A massive red star in the constellation Orion has shrunk in the past 15 years and astronomers don't know why.
Called Betelgeuse, the star is considered a red supergiant. Such massive stars are nearing the ends of their lives and can swell to 100 times their original size before exploding as supernovae, or possibly just collapsing to form black holes without violent explosions (as one study suggested).
Betelgeuse, one of the top 10 brightest stars in our sky, is a popular target among backyard skywatchers and was the first star ever to have its size measured, and even today is one of only a handful of stars that appears through the Hubble Space Telescope as a disk rather than a point of light. It was the first star (besides our sun) to have its surface photographed (by Hubble).
The new finding, presented today at a meeting of the American Astronomical Society in Pasadena, Calif., was based on data collected by UC Berkeley's Infrared Spatial Interferometer (ISI) on the top of Mt. Wilson in Southern California.
In 1993, measurements put Betelgeuse's radius at about 5.5 astronomical units (AU), where one AU equals the average Earth-sun distance of 93 million miles, or about 150 million km. Since then it has shrunk in size by 15 percent. That means the star's radius has contracted by a distance equal to the orbit of Venus.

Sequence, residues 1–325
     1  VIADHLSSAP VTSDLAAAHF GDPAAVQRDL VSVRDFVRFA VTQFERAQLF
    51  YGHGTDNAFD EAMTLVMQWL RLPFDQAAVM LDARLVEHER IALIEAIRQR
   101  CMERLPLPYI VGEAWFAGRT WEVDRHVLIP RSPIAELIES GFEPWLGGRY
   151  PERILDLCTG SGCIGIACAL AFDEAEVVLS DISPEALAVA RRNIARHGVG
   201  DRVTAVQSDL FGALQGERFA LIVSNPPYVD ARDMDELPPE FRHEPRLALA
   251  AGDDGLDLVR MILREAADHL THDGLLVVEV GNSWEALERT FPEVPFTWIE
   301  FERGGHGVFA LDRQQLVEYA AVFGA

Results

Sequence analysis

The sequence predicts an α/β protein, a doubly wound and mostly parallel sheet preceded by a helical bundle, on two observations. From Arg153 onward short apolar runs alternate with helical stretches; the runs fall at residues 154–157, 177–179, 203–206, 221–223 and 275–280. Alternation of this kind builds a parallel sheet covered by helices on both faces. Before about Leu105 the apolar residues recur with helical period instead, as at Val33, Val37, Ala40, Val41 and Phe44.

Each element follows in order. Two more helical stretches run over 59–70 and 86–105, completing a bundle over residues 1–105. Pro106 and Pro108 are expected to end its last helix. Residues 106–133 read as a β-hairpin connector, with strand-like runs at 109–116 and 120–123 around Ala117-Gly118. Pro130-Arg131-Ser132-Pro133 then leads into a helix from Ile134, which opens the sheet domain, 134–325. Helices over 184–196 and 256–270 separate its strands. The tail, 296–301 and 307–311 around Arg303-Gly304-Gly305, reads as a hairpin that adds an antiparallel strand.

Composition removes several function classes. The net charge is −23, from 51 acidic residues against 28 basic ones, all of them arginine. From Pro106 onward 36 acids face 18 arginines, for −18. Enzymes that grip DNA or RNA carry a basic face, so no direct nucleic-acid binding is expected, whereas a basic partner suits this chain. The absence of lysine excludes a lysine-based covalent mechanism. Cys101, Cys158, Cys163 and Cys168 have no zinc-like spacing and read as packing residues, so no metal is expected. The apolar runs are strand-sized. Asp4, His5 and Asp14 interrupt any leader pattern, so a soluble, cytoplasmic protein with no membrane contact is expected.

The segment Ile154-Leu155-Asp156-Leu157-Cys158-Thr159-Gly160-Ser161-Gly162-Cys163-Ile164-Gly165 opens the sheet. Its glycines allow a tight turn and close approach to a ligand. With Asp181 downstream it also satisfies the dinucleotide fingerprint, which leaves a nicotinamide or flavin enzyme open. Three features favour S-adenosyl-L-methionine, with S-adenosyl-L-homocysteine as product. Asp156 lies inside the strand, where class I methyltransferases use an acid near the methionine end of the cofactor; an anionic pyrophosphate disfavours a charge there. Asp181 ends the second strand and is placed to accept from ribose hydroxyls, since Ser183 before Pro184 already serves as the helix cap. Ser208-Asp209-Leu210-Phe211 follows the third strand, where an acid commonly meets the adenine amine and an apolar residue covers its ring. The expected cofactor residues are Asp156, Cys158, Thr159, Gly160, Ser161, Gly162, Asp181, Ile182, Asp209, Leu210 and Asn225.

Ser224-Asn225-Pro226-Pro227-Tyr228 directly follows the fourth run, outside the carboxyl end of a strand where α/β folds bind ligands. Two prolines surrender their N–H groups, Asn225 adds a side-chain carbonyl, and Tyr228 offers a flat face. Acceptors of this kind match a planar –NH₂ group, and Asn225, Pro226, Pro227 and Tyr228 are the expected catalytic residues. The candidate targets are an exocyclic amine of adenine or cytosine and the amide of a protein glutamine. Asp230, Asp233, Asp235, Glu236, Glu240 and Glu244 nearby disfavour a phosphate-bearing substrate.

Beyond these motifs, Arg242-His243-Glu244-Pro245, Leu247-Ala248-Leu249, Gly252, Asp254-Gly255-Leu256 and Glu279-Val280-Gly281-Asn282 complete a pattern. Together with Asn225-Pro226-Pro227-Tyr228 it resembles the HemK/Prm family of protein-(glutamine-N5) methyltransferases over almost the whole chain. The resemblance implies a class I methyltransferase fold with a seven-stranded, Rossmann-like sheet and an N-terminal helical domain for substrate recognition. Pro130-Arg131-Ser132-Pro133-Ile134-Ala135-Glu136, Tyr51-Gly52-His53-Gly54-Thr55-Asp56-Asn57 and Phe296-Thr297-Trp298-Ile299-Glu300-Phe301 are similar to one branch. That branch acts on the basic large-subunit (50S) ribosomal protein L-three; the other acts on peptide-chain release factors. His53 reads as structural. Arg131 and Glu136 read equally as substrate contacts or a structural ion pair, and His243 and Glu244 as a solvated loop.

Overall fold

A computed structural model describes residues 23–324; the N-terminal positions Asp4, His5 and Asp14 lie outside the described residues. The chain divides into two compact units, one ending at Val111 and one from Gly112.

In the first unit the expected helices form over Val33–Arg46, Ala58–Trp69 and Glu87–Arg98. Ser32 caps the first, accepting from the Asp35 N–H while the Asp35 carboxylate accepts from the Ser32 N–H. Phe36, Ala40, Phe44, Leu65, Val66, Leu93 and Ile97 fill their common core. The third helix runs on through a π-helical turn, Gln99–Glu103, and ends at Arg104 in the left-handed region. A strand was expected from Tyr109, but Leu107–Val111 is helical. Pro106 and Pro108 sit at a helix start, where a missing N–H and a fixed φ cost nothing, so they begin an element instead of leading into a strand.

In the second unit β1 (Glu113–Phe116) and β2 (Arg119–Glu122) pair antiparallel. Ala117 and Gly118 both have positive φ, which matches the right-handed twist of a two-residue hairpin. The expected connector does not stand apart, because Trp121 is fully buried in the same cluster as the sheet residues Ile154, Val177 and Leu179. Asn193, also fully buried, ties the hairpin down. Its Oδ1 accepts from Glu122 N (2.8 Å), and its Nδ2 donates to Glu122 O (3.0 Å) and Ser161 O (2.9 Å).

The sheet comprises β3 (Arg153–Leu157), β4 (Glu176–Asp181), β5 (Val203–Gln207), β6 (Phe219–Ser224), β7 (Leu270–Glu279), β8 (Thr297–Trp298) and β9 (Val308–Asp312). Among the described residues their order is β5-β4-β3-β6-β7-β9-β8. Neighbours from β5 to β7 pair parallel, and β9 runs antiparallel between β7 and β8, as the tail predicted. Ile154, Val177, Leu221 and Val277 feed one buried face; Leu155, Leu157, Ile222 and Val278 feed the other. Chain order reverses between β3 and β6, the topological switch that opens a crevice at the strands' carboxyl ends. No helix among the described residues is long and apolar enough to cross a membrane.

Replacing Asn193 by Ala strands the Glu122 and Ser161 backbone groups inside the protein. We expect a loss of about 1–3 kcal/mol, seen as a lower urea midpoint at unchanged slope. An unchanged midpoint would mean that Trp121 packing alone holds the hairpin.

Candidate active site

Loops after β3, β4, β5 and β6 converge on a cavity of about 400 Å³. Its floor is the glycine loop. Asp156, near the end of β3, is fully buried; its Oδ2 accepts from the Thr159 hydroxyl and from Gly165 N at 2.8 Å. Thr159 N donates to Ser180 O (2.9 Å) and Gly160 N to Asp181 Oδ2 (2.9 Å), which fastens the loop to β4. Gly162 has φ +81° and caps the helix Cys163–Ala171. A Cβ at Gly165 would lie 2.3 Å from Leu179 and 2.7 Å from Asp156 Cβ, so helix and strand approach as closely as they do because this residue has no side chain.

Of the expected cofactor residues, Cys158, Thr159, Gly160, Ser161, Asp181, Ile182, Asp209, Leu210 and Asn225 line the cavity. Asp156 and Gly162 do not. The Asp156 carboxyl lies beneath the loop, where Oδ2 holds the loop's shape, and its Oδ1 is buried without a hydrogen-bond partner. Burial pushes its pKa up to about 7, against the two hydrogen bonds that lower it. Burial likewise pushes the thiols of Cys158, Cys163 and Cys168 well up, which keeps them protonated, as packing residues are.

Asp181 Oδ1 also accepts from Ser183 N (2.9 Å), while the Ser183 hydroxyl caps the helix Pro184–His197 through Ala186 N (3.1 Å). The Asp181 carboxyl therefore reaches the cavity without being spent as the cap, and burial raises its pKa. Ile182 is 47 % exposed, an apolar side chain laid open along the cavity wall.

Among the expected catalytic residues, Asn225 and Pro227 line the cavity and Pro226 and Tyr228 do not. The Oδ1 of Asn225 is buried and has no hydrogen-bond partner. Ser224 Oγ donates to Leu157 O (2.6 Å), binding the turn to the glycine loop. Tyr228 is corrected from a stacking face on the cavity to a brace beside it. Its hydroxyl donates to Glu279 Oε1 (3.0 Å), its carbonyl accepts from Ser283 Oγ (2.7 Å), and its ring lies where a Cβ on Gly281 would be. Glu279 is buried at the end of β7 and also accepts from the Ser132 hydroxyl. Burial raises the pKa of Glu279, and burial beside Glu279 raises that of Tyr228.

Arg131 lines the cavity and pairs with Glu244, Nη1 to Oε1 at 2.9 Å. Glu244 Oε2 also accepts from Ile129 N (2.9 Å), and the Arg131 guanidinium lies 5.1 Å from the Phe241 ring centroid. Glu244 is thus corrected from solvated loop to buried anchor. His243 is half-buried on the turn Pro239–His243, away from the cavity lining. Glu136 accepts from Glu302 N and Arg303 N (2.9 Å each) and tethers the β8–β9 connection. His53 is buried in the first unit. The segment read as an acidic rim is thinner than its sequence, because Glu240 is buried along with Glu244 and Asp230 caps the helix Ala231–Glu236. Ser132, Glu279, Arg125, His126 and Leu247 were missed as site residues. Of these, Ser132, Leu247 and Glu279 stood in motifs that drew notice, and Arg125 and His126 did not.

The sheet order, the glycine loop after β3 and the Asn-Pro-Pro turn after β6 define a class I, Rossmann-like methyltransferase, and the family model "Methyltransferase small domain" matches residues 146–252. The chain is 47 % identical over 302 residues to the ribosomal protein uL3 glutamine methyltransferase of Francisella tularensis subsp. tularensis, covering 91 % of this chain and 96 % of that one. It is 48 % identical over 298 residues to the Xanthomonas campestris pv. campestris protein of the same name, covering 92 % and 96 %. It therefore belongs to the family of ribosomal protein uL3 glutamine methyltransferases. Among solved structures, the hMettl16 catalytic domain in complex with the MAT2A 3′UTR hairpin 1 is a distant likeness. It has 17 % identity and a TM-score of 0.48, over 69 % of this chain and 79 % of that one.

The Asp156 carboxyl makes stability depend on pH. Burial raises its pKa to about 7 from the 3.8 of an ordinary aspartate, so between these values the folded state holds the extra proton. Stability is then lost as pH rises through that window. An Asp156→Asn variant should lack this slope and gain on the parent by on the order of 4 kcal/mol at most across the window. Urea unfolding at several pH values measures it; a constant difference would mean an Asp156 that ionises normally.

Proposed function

"To see this change is very striking," said Charles Townes, a UC Berkeley professor emeritus of physics. "We will be watching it carefully over the next few years to see if it will keep contracting or will go back up in size." (Townes won the 1964 Nobel Prize in physics for inventing the laser and the maser, a microwave laser.)
Though the star is shrinking, its visible brightness has not dimmed significantly over the past 15 years, the researchers say.
"But we do not know why the star is shrinking," said Edward Wishnow, a research physicist at UC Berkeley's Space Sciences Laboratory. "Considering all that we know about galaxies and the distant universe, there are still lots of things we don't know about stars, including what happens as red giants near the ends of their lives."
Townes, who turns 94 in July, plans to continue monitoring Betelgeuse in hopes of finding a pattern in the changing diameter, and to improve the ISI's capabilities by adding a spectrometer to the interferometer.
"Whenever you look at things with more precision, you are going to find some surprises and uncover very fundamental and important new things," he said.
The finding was also published June 1 in the Astrophysical Journal Letters.
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